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J. Kenneth Blackwell

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John Kenneth Blackwell

J. Kenneth Blackwell is the former Ohio Secretary of State and former Ohio gubernatorial candidate. Blackwell and former Republican House Majority Leader Tom DeLay co-founded the Coalition for a Conservative Majority (CCM) in November 2007 as a "new grass-roots organization [to] help conservatives better convey their message to voters and take back control of Congress."[1]

In mid-March 2007, Blackwell "hired on as a Senior Fellow for Family Empowerment at Washington's premiere right-wing religious lobbying outfit," the Family Research Council.[2]

In the 2006 congressional election, Blackwell ran against Rep. Ted Strickland, 6th Congressional District Democratic incumbent who was giving up his seat to run for Ohio governor. Strickland defeated Blackwell by 23 percentage points.[3]

Despite allegations of widespread vote rigging in his state and an ongoing lawsuit over the same, in December 2008, Blackwell wrote to the Republican National Committee (RNC) "after prayerful consideration," asking to be considered for the chairmanship of the RNC.[4]

2004 election controversy

Ohio voters sued Blackwell on August 31, 2006 in a case called King Lincoln Bronzeville Neighborhood Association v. Blackwell in which individual voters and three voters' rights groups alleged that, in his capacity as Secretary of State, Blackwell "allocated [2004] election resources in a racially discriminatory manner and instituted racially discriminatory procedures for provisional voting, purging voters from the statewide voter registration database, and maintaining the chain of custody of ballots. The complaint alleged that these actions led to the dilution and/or cancellation of plaintiffs' vote due to ballot cancellation and tampering, long poll lines, mechanical difficulties with voting machines, and unclear precinct boundaries." The complaint claims that plaintiffs reasonably feared these problems would recur in the November, 2006, election, and asked the court to appoint a special master to perform Blackwell's election administration duties in that election.[5]

A Canton, New York resident named Richard Hayes Phillips who worked with the Ohio Honest Elections Campaign said he examined thousands of punch-card ballots cast in Ohio's heavily Democratic inner-city precincts that were tossed out because of over- or under-voting in the 2004 presidential race. Phillips said he found that on more than 1,900 ballots in six urban counties, there was a vote for President Bush or Senator John Kerry, and a second vote for one of the two independent candidates. In cases such as these, no presidential vote is counted. Philips noted that the problem was unusually prevalent, and appeared to be concentrated in every fifth precinct, and concluded the ballots in the urban areas must have been pre-punched, disproportionately affecting Kerry votes. [6]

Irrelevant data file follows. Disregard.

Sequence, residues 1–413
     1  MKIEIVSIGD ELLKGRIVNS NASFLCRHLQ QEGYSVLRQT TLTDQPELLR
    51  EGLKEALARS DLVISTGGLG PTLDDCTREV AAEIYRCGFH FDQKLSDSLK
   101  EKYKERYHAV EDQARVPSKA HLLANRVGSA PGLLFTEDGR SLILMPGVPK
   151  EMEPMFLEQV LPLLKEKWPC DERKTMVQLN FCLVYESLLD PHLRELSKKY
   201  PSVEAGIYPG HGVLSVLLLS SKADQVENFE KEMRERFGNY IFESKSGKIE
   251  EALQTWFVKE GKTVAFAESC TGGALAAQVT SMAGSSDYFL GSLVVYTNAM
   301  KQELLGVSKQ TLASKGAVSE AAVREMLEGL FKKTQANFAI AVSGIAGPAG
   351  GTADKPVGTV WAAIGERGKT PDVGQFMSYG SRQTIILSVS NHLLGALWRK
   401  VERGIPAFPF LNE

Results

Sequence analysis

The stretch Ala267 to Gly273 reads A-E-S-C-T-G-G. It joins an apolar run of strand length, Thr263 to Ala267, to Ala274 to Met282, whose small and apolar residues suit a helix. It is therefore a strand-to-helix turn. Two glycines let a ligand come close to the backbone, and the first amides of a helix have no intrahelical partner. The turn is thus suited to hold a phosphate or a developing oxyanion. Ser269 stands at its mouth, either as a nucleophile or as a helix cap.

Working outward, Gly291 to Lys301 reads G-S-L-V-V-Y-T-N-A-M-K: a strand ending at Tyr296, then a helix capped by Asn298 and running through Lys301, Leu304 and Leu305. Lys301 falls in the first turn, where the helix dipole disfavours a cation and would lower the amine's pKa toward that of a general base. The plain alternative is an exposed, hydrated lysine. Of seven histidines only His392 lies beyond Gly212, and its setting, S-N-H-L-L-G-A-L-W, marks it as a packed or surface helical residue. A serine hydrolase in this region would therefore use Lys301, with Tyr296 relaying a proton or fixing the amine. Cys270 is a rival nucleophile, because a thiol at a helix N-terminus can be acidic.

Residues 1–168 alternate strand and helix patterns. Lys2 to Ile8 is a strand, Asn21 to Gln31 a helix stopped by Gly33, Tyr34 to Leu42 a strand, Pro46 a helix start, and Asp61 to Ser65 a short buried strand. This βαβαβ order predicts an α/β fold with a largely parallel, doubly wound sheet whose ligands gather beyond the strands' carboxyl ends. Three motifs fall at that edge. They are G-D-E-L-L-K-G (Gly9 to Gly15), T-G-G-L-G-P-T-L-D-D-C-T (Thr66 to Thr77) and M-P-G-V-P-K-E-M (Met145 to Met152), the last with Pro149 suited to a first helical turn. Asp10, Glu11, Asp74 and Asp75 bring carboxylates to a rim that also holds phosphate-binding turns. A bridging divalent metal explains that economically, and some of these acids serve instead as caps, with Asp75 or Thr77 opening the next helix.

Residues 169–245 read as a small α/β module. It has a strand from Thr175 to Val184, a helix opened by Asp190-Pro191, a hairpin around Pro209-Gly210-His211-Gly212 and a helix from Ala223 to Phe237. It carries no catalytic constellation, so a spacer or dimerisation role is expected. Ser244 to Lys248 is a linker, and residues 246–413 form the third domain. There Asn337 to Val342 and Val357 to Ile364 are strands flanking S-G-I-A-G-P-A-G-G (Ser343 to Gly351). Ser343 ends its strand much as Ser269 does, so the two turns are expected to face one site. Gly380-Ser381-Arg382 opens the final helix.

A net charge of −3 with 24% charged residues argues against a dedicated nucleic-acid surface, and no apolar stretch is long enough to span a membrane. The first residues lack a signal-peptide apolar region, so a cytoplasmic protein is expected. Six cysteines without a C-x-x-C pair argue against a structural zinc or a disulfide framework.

Blackwell is the focus of many allegations regarding the U.S. presidential election, 2004, vote count controversy while serving as Ohio Secretary of State.

Bob Fitrakis and Harvey Wasserman reported[7] prior to the election the following abuses of his power in the weeks leading up to the vote, consisting mostly of a series of rulings that favored President Bush's side:

  • "Republican Secretary of State J. Kenneth Blackwell has reversed a long-standing Ohio practice and is barring voters from casting provisional ballots within their county if they are registered to vote but there's been a mistake about where they are expected to cast their ballot. In this year's spring primaries, Blackwell allowed voters to cast provisional ballots by county, even if they were in the wrong precinct. But this fall, such voters will have to leave the wrong precinct and find their way to the right one. Blackwell hopes to succeed Republican Bob Taft as governor, and has labored hard to install e-voting machines with no paper trail, to give the statewide contract to Diebold, and to take a long series of steps apparently designed to help hand Ohio to George W. Bush. Blackwell is being widely compared to the infamous Katherine Harris, who handed Florida to George W. Bush in 2000 and was rewarded with a safe Congressional seat."